myTomorrows, a company that provides patients and physicians with early access to drugs in development, has entered into an agreement with Spectrum Pharmaceuticals to promote Zevalin (ibritumomab tiuxetan) in Europe.
Under the collaboration, myTomorrows will continue to provide Zevalin for patients with follicular non-Hodgkin’s lymphoma (NHL) and will completely manage the drug’s promotion throughout all European countries.
“We are very pleased to be promoting Zevalin as this reinforces our commitment to serving patients facing urgent medical needs, ” Ronald Brus, CEO of myTomorrows, said in a press release. “Within hematologic diseases there remain many patients with urgent medical needs that require complex treatment strategies, we remain fully committed to providing healthcare professionals with effective treatment options.”
Follicular lymphoma is a type of non-Hodgkin lymphoma that develops when the body makes abnormal B-lymphocytes (white blood cells). There is still no cure for this cancer, and while currently available treatments extend a patient’s life with a period of remission, the disease relapses in most cases.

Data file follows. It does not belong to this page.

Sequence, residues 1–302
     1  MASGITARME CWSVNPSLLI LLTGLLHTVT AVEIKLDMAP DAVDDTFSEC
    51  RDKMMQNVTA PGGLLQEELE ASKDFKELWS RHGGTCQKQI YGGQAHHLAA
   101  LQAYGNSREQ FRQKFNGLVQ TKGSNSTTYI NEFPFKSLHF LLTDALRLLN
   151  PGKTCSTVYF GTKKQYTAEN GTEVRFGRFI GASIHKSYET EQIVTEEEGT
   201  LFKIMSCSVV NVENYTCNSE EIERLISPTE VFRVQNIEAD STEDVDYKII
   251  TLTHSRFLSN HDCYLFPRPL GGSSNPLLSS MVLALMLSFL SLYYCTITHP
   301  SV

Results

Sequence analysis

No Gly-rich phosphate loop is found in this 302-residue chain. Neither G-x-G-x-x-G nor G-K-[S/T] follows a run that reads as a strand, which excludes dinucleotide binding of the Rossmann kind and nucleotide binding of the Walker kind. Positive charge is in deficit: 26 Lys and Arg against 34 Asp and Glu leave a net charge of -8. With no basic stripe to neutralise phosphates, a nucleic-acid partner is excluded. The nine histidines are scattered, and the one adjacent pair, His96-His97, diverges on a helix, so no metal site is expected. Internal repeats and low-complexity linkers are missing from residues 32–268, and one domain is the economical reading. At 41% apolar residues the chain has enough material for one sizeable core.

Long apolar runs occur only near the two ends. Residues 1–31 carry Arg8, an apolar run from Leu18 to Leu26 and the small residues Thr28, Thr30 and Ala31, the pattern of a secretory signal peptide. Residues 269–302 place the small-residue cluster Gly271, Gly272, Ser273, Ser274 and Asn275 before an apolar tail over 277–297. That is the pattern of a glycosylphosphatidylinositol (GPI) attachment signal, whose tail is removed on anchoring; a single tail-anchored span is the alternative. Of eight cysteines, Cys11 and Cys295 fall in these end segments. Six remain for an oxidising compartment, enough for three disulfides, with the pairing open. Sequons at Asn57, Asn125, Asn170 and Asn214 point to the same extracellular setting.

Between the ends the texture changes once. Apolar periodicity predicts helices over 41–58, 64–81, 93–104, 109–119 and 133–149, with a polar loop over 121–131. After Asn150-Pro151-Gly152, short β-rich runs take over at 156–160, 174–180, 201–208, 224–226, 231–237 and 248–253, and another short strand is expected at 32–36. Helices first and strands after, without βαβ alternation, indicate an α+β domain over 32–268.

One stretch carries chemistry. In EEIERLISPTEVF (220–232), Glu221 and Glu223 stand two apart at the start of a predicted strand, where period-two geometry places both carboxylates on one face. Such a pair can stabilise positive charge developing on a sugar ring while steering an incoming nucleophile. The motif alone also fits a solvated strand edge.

Follicular lymphomas are radiosensitive. Radioimmunotherapy (RIT), which involves the combination of a monoclonal antibody with a radioisotope, is currently the standard and stand alone treatment for the early-stage treatment of NHL.
Zevalin combines the cell-targeting ability of a monoclonal antibody against CD20 with the additional cell-killing ability of a radioactive particle, or radioisotope, called yttrium-90. The Zevalin regimen is delivered on an outpatient basis over the course of a week. The treatment is normally well tolerated by patients, without the usual side effects of chemotherapy treatments. The most common side effect is a temporary reduction in blood cell counts.
In 2002, Zevalin became the only radioimmunotherapy treatment to be approved by the U.S. Food and Drug Administration (FDA) for the treatment of patients with relapsed or refractory lowgrade, follicular, or transformed B-cell NHL — including patients with follicular NHL who no longer respond to treatment with Rituxan (rituximab).
In 2009, the FDA expanded the approval to include patients with previously untreated follicular NHL, who achieve a partial or complete response to first-line chemotherapy. The European Medicines Agency (EMA) approved Zevalin in 2004 for the same indications.
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